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Old 07-04-2012, 06:08 PM   #1
gavball6
 
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I am sure this has been asked and answered a bunch of times, but I am having no luck using search to find the answer.

Is it okay to bottle from my keezer (using Bowie Adapter) and then letting the bottled beer rise to room temperature? I have to believe the answer is "yes" and that it must be common when submitting beers to competitions.

Anyone experience off flavors? Loss of carbonation? Any comments on shelf-life?

Thanks!

 
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Old 07-04-2012, 07:34 PM   #2
Hammy71
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Yes you can store the bottles warm. No major issues. Sometimes you might get some settlement after weeks or months. I've bottled beers that have been kegged and cold for months...but those darn yeasties are still there and they still like to work.

 
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Old 07-05-2012, 12:18 AM   #3
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I have done this with soda, and it works great despite many naysayers on the forum telling me I'm going to get exploding bottles at that pressure. Nothing has exploded so far.
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Old 07-05-2012, 05:18 PM   #4
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Thanks guys...

 
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Old 07-05-2012, 07:03 PM   #5
carlisle_bob
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Quote:
Originally Posted by gavball6 View Post
I am sure this has been asked and answered a bunch of times, but I am having no luck using search to find the answer.

Is it okay to bottle from my keezer (using Bowie Adapter) and then letting the bottled beer rise to room temperature? I have to believe the answer is "yes" and that it must be common when submitting beers to competitions.

Anyone experience off flavors? Loss of carbonation? Any comments on shelf-life?

Thanks!

Hi

Walk into any bar in the area with a growler and ask for a fill up. They walk over to the tap, fill it (hopefully) very full, and close the lid. That's just about what you are doing bottling from a keg (it's not, but it's close). You don't hear to much about "deadly growler explosions" in the news....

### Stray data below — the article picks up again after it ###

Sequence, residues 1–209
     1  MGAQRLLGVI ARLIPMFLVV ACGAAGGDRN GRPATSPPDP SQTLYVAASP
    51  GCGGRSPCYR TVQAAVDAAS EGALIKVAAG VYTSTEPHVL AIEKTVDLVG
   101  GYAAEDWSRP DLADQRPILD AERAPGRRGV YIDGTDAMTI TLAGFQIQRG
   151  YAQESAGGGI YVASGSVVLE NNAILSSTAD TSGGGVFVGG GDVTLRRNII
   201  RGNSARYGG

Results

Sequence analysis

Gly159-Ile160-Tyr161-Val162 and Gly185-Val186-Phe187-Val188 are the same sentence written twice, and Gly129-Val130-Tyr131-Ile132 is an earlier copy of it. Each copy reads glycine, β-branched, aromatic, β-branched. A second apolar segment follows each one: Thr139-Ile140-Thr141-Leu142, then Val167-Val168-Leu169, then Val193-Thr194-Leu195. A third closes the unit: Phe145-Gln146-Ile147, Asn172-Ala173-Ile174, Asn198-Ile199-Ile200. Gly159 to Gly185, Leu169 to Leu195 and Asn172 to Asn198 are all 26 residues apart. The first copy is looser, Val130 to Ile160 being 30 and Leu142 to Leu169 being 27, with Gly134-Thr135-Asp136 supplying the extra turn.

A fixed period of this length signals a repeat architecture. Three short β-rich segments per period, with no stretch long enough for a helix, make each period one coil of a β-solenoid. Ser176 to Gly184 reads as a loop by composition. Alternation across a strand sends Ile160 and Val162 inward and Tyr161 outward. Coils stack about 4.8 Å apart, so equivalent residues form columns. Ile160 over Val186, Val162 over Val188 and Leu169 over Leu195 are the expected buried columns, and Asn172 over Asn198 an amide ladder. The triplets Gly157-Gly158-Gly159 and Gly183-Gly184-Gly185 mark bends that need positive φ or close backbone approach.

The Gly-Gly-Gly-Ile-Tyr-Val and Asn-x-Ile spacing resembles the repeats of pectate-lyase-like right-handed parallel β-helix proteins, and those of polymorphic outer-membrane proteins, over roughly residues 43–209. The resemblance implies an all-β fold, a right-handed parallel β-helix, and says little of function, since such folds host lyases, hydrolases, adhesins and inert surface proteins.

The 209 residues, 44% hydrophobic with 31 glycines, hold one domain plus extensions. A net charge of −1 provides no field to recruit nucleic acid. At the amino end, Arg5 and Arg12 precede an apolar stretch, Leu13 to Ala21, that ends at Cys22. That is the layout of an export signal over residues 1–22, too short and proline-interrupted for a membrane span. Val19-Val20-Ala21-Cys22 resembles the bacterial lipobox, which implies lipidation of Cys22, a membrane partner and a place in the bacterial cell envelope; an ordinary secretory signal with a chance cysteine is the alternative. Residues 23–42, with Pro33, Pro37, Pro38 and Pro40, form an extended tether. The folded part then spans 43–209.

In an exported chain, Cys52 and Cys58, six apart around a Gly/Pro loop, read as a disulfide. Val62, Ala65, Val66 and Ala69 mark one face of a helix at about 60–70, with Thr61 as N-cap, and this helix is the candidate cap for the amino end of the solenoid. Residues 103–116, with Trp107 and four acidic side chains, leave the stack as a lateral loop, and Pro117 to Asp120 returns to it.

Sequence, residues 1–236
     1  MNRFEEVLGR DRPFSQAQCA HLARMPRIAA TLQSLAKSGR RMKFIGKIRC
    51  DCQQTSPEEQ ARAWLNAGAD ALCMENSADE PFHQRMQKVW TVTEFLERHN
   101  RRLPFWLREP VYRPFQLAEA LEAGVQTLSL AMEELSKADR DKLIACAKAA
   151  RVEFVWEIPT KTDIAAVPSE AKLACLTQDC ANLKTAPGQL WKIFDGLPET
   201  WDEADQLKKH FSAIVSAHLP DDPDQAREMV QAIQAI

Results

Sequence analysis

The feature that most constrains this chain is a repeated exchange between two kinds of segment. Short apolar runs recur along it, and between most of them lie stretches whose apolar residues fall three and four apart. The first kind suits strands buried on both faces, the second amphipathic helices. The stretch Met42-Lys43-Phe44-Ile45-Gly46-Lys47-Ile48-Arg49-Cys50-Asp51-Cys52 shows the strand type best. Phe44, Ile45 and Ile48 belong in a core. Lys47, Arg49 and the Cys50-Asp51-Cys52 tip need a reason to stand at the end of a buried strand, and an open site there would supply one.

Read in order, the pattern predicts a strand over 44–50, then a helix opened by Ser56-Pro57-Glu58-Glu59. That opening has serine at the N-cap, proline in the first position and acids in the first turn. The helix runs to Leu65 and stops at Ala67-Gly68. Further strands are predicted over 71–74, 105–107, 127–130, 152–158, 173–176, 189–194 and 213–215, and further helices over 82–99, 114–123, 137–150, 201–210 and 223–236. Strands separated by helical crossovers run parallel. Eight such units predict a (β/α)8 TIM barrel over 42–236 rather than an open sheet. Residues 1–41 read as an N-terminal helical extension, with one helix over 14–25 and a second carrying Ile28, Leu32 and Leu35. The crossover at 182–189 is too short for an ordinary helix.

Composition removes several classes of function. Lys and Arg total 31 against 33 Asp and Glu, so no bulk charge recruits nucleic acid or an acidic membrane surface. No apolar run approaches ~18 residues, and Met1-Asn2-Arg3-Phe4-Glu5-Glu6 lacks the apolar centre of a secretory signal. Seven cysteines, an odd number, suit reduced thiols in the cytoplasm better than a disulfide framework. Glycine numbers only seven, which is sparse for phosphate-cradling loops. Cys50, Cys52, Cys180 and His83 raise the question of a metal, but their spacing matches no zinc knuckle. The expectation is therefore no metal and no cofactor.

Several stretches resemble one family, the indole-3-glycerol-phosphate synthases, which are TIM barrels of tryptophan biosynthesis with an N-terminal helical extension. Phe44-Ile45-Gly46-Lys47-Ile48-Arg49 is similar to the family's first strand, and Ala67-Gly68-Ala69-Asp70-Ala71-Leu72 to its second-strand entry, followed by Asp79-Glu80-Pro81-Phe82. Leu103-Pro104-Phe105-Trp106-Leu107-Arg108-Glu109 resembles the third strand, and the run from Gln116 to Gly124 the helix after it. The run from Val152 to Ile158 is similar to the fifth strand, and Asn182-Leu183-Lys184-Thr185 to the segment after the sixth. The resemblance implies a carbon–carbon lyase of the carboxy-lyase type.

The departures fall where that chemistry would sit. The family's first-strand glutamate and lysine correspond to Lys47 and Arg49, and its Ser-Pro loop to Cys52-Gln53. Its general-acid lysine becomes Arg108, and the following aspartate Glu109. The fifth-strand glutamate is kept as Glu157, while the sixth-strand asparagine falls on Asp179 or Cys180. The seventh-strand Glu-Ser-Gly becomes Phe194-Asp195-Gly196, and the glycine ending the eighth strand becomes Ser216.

If growlers / bottles / cans did not hold the pressure of a properly carbonated beer when it warms up, your local supermarket would likely have a major cleanup on its hands.

Yes yeast can get going in the bottle. Yes if you put a bit too much sugar in and then nuked things to 32.01 degrees, it will get going again. That's a beer making mistake and not the poor bottle's fault. If you make the beer properly you will be fine.

For the absolute in safety, bring the whole keg up to room for a couple of days at the end of the carbonation process. The yeast will do their thing in the keg rather than in the bottle. Check pressure ($9 gauges on kegs can be a handy thing) and move on....

Bob

 
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Old 07-05-2012, 07:21 PM   #6
BrewThruYou
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Quote:
Originally Posted by carlisle_bob View Post
For the absolute in safety, bring the whole keg up to room for a couple of days at the end of the carbonation process. The yeast will do their thing in the keg rather than in the bottle.
Well, hopefully, he checked that he reached terminal gravity before he kegged the beer.

For the OP, do not bring the whole keg up to room temperature and then try to bottle from the keg...it will be a foamsaster.

When bottling cold kegged beer into bottles, you may experience a loss in carbonation. If you figure that the beer in the keg is properly carbed, you are most likely going to lose a little in the transfer. Warm lines, bottles, and a warmer ambient temperature can all contribute to that. To cut down on that, a lot of people use chilled bottles to minimize foaming and fill as slow as possible (with an acceptable fill rate). I think the basketball needle through the stopper trick works better than burping the stopper when using the Bowie Bottler. That way, you can partially cover the opening to vent a little gas.

 
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Old 07-05-2012, 07:26 PM   #7
carlisle_bob
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Quote:
Originally Posted by BrewThruYou View Post
Well, hopefully, he checked that he reached terminal gravity before he kegged the beer.

For the OP, do not bring the whole keg up to room temperature and then try to bottle from the keg...it will be a foamsaster.

When bottling cold kegged beer into bottles, you may experience a loss in carbonation. If you figure that the beer in the keg is properly carbed, you are most likely going to lose a little in the transfer. Warm lines, bottles, and a warmer ambient temperature can all contribute to that. To cut down on that, a lot of people use chilled bottles to minimize foaming and fill as slow as possible (with an acceptable fill rate). I think the basketball needle through the stopper trick works better than burping the stopper when using the Bowie Bottler. That way, you can partially cover the opening to vent a little gas.
Hi

I didn't think anybody would take the keg up to room and then bottle from it rather than cooling it back down ....

Bob

 
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